Southern Beltway scheduled to open Friday

CHECKING IT OUT — Spencer Steele, left, and his brothers, Theo, 9, and Elliott, 7, sons of Matthew and the Rev. Ashley Steele, were among those who rode the five-mile long stretch of the Southern Beltway between South Fayette way and the McDonald-Midway exits on Saturday. -- Karen Mansfield

ROBINSON TOWNSHIP — The Southern Beltway will open to traffic Friday, providing motorists in the South Fayette area with a faster route to Pittsburgh International Airport.

But on Saturday, the Pennsylvania Turnpike Commission opened the roadway to cyclists, walkers and runners for a Community Day event.

To paraphrase Field of Dreams, “If you build it — and invite people to walk on it — they will come.”

And people did come, and it was glorious.

For four hours, the five-mile stretch of the new toll road from South Fayette Way to the McDonald/Midway exit was crowded with all sorts of modes of transportation other than cars and trucks: Bicycles, unicycles, tandem bikes, fat tire bikes, roller blades, roller skates, electric skate boards and scooters.

And feet. Runners and walkers — some pushing strollers, others walking dogs — shared the road between Pennsylvania Turnpike 576 exits 16 and 11.

Shellie Yeung of Upper St. Clair, who arrived before 9 a.m. with her husband, S.T. Yeung, with their bicycles to ride the road, called it “a once-in-a-lifetime opportunity.”

“It’s going to be awesome. You see things differently, it’s a different perspective, instead of driving on the highway,” said Yeung, who often rides on the Panhandle, Montour, and Great Allegheny Passage trails. “We’re not going to miss this chance.”

Brenda Rupert and Barb Cobucci, both of North Strabane Township, have been riding bikes together for several years on the Panhandle and Montour trails, and have watched as the toll road — which spans above the trails — was constructed.

“We watched it being built from below on our rides, and when we found out it was going to be open, we were so excited about having a chance to ride on it,” said Rupert.

Like several others, the pair stopped at numerous spots along the way to take in scenic spots, including a breathtaking view of McDonald and beautiful autumn foliage.

Many of the cyclists and walkers also snapped selfies and photos along the road, and shot video of their trek.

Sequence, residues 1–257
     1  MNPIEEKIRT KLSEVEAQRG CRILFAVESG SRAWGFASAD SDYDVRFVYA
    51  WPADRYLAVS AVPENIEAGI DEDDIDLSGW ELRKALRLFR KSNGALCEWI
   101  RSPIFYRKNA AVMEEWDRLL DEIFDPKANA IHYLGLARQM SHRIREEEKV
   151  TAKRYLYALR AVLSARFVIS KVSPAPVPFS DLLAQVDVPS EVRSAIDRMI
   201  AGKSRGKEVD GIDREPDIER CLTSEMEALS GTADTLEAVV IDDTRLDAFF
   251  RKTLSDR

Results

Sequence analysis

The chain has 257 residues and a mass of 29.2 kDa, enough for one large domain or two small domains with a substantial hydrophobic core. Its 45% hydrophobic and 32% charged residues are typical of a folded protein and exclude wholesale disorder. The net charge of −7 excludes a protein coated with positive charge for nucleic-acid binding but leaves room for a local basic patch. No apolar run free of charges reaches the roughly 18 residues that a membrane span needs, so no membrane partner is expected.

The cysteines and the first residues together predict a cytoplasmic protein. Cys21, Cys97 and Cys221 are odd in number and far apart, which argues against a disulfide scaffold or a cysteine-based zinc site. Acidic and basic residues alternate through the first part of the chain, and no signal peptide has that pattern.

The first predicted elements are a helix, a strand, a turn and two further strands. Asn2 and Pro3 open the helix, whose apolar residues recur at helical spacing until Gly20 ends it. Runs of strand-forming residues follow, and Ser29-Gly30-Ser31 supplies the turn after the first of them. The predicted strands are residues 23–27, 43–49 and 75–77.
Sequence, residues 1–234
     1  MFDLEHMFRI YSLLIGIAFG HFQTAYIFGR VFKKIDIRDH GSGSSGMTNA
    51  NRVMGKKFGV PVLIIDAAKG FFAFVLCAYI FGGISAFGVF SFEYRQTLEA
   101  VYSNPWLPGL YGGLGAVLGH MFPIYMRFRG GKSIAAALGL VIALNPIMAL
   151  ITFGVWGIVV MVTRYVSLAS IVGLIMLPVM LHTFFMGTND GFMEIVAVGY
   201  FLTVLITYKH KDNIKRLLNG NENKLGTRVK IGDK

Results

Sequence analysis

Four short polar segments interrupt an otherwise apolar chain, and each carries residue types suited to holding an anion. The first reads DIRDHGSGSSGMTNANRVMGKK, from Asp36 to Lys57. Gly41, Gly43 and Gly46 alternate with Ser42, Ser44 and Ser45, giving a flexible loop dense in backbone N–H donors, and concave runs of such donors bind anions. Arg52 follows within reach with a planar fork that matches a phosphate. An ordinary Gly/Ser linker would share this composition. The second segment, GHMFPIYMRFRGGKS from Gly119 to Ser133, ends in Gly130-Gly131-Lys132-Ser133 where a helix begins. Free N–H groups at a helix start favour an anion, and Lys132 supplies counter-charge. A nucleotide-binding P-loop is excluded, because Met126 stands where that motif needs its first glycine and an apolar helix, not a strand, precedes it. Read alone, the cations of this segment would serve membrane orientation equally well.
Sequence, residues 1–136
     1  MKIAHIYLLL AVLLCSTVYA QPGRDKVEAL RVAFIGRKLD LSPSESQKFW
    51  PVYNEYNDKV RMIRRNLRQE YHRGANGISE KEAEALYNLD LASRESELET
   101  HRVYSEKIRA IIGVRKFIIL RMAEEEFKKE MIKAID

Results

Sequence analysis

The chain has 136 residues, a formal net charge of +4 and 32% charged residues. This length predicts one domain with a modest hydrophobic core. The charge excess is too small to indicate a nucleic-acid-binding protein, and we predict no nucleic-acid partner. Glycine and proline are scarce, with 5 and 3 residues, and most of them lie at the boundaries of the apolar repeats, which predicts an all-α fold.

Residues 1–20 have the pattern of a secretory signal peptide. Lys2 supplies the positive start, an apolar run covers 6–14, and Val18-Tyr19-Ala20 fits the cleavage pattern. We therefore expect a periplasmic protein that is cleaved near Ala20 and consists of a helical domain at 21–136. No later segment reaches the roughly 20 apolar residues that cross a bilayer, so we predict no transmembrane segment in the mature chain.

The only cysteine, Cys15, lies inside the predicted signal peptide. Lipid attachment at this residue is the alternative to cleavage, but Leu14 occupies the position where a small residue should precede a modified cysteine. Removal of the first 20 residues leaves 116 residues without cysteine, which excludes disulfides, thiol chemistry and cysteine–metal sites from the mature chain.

Matthew and the Rev. Ashley Steele of Imperial brought their sons, Theo, 9, Elliot, 7, and Spencer, 3, and bicycled the entire 10-mile out-and-back course.

“This is a big day for our family. We’ve been watching the construction for quite some time, and we were eager to see it from a different perspective. This is going to be a different vantage point to see the highway,” said Ashley Steele.

The Turnpike Commission set up tents along the course, where employees handed out bottled water, answered questions and offered information and fun facts — for example, the 13-mile beltway includes asphalt that is equivalent to 168 football fields.

The Southern Beltway, which will take traffic from Interstate 79 near Southpointe to the Findlay Connector at U.S. Route 22 in Robinson Township, has been several decades in the making and cost an estimated $900 million.

Joked Bob Miller of Imperial, who rode the thoroughfare with his wife, Bonnie, “It cost $900 million, let’s see what it looks like. We ride the Panhandle Trail and thought, ‘let’s come try this out.'”

The five-mile stretch includes one of three toll points that are included on the beltway, which will have an open-road tolling system that uses overhead gantries equipped with scanners and camera to electronically charge toll road customers either via E-ZPass accounts or the PA Toll By Plate program.

One bicyclist jokingly asked a group of fellow riders, “Well ladies and gentlemen, did you bring your E-ZPass?”

For one group of cyclists, buddies who ride twice a week (including weekend rides of about 50 miles), the experience was unlike any they’ve had.

“It’s wild when you pass a speed limit sign that says ‘Speed Limit 70,'” said Mike Walsh of Bethel Park as the group discussed jumping onto the Panhandle Trail to continue their ride.

Added Steve Ross of Upper St. Clair, “We got to see views we’ve never seen before of places we have been to a lot, and that was cool. It was smooth and quiet, and there was wide open space on either side. It was unforgettable.”


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